By Tony Attwood
In my experience a lot of people who earn their living out of words have the ability to create streams of narrative at the drop of a hat. Many actors can improvise dialogue that their character might have said (but didn’t), songwriters and poets can pour out line after line in the style of… well, anyone you choose to name, and novelists can do the same with any situation – looking out at a scene they can just create a world of people and events around it.
And of course it is an ability not restricted to those who work with words – many others can generate such lines of speech / poetry / lyrics too, on request.
This doesn’t in any way mean that the result is of value in the greater realm of things, but they can do it, their brains just work that way. And doing it can be helpful, as the actor prepares for his part, as the songwriter or poet explores ideas and expressions and so on.
None of which is to say that the resultant lines of dialogue are of value – it is just that for some people they are dead easy to create, and can help with later work.
And this I think is exactly what Bob Dylan was doing at this time. That does not mean that I believe many of the songs around this time are just outpourings of words, far from it as the list below shows, but rather that is what Bob did with Barbed Wire Fence.
The period that this song comes from is shown here with the songs written (as far as we know) in this order
- It takes a lot to laugh it takes a train to cry
- Sitting on a Barbed Wire Fence
- Like a Rolling Stone
- Tombstone Blues
- Desolation Row
- Can you please crawl out your window?
- Positively Fourth Street
- Highway 61 Revisited
- Just like Tom Thumb’s Blues
and I go as far as Just like Tom Thumb because Barbed Wire Fence and Tom Thumb are linked through their lyrics, comparing
I don’t have the strength
To get up and take another shot
And my best friend, my doctor
Won’t even say what it is I’ve got
Well, my temperature rises and my feet don’t walk so fast
Yes, my temperature rises and my feet don’t walk so fast
Well, this Arabian doctor came in, gave me a shot
But wouldn’t tell me if what I had would last
And of course as a song the Fence it is comparable to Outlaw Blues in its style and approach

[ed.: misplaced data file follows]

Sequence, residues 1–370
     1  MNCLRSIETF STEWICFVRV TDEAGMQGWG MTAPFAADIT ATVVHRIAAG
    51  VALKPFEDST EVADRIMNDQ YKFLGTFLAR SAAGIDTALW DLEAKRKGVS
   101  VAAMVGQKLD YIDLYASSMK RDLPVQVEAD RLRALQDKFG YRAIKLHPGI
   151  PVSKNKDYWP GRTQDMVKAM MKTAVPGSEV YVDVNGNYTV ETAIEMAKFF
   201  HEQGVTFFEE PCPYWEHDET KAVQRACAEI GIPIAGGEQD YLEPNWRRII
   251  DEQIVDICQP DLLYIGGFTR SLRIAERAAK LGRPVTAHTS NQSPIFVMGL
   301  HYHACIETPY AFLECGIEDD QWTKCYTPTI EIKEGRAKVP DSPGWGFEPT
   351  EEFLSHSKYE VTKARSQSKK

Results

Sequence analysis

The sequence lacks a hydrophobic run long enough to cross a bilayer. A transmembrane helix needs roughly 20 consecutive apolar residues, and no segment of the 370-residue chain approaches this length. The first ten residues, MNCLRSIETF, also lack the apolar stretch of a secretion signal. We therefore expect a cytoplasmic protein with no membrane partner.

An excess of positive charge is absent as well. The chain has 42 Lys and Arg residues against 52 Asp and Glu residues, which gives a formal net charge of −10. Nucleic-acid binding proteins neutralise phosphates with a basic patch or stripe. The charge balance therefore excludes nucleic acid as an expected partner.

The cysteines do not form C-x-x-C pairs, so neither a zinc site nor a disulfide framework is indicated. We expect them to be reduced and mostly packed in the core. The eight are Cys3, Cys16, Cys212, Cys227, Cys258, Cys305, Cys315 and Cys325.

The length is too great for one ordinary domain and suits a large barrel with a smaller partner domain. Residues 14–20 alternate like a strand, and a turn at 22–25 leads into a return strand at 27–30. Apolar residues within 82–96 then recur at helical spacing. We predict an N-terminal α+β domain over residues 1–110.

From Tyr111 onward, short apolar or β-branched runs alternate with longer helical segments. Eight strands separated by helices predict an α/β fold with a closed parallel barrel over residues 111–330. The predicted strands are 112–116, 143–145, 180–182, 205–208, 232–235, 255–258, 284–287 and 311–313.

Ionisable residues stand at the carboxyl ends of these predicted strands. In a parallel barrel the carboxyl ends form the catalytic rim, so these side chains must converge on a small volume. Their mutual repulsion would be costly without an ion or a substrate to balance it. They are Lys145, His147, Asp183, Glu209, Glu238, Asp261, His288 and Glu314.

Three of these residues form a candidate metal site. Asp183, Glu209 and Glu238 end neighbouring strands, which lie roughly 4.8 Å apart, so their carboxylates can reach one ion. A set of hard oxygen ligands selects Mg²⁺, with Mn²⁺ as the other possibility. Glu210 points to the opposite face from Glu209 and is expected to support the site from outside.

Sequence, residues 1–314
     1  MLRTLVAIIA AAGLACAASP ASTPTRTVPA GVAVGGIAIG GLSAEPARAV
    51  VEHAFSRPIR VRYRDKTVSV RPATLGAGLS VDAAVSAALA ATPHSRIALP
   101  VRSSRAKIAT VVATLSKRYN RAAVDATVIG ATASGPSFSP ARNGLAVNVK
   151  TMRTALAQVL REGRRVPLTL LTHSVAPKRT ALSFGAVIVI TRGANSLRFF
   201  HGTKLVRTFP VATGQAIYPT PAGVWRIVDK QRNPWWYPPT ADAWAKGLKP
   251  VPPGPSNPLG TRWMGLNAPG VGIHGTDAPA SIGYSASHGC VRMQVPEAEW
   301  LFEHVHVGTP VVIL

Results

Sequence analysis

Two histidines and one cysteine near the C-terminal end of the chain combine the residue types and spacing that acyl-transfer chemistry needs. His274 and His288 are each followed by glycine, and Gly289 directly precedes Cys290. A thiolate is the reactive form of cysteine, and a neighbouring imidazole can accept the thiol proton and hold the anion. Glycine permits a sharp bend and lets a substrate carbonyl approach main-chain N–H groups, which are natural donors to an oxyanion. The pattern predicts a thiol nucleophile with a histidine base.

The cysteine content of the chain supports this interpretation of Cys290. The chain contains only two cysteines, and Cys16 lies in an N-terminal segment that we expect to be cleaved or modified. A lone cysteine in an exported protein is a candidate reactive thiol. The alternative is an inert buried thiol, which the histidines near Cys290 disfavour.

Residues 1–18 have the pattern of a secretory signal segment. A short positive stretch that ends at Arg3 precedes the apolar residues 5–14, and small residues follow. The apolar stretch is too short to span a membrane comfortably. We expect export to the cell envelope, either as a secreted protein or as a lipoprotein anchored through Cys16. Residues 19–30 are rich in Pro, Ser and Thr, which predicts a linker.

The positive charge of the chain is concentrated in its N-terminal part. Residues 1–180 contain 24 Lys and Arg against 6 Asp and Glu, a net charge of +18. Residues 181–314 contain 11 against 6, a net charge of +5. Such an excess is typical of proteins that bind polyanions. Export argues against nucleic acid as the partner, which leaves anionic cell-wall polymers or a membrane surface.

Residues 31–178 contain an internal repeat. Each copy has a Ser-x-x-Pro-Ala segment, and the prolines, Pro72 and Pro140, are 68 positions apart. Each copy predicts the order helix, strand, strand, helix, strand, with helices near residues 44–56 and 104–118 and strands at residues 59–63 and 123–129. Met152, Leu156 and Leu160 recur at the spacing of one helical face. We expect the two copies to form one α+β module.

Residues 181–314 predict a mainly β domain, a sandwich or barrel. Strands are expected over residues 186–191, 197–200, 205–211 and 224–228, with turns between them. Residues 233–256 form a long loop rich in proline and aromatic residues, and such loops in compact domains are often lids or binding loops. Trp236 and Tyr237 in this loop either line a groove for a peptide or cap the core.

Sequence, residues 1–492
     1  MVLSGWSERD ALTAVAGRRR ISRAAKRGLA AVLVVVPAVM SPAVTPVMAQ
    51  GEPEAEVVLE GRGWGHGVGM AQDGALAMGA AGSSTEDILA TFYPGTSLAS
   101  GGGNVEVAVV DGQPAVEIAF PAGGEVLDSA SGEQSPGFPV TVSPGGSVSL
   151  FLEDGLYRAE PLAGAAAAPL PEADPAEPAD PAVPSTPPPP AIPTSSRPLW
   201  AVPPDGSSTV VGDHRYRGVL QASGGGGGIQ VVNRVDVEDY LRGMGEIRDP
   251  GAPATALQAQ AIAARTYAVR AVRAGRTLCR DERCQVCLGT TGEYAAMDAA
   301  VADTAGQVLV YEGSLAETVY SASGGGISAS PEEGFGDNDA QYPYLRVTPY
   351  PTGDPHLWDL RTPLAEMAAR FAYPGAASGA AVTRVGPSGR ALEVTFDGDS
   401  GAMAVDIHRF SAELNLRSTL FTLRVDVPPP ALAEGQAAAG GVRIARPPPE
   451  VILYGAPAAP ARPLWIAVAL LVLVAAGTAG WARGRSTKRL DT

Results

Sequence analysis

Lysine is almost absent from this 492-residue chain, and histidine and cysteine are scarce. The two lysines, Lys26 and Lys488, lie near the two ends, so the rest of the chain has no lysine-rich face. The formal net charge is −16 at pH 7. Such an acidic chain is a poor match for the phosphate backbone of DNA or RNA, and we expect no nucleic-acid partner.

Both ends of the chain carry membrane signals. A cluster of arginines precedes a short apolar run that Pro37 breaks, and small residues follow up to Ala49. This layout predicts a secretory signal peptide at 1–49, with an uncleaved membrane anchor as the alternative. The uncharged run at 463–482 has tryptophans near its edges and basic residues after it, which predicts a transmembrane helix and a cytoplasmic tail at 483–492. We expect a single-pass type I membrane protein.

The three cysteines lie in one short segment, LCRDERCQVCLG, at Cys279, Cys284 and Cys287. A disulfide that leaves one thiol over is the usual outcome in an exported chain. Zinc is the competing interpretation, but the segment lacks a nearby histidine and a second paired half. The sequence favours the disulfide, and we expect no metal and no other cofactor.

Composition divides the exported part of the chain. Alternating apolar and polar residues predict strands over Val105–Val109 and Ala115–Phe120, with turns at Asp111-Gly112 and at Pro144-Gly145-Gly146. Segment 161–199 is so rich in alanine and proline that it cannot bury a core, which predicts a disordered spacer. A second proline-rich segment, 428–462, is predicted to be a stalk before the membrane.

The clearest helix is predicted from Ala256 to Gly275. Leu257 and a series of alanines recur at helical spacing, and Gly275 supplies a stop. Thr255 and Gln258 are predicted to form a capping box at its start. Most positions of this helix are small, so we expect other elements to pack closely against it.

Ain’t it hard to stumble
And land in some funny lagoon?
Ain’t it hard to stumble
And land in some muddy lagoon?
Especially when it’s nine below zero
And three o’clock in the afternoon.
The problem with this scatological approach to lyrics however is that while it is fairly easy for the person who lives through his/her words to generate the words, it is less easy to convert them into a piece of music that will have more than a passing interest.
Many of us can be impressed by the experienced actor who can create 20 lines of Shakespeare which sound as if they should come from a play, but haven’t and which upon analysis far from meaning anything, are gibberish. But that doesn’t make these lines to be anything other than a bit of fun.
And Dylan must have felt this way – Tom Thumb has been played over 200 times in concert whereas Outlaw got just one solitary outing in 2007 – in Nashville. I know not why it suddenly turned up, but it did.
To me what is most interesting is that this song, which really is just a sketch and an experiment sits among such amazing gems as in the list above shows… sitting there until the moment emerged when it would become (a few months later) a much more rounded.
And indeed somehow transporting the situation to Mexico and ending with the decision to return to New York is much more in keeping with the randomness of the words.
I suppose part of my problem is that I can see too many allusions in the Barbed Wire Fence lines such as “See my hound dog bite a rabbit” which takes me instantly to “Hound Dog”, although of course there “you ain’t never caught a rabbit” is the thrust of the accusation. But such links seem wrong – the songs are too different, the situations too different. For me, somehow, it doesn’t seem to work.
It is, as I have said of certain other songs, a sketch, an idea, which went on to form the basis of something much more substantial.
What else is on the site
You’ll find some notes about our latest posts arranged by themes and subjects on the home page. You can also see details of our main sections on this site at the top of this page under the picture.
The index to all the 590 Dylan compositions and co-compositions that we have found on the A to Z page.
We also have a very lively discussion group “Untold Dylan” on Facebook with over 2000 active members. (Try imagining a place where it is always safe and warm). Just type the phrase “Untold Dylan” in, on your Facebook page or follow this link
If you are interested in Dylan’s work from a particular year or era, your best place to start is Bob Dylan year by year.
On the other hand if you would like to write for this website, please do drop me a line with details of your idea, or if you prefer, a whole article. Email Tony@schools.co.uk
And please do note The Bob Dylan Project, which lists every Dylan song in alphabetical order, and has links to licensed recordings and performances by Dylan and by other artists, is starting to link back to our reviews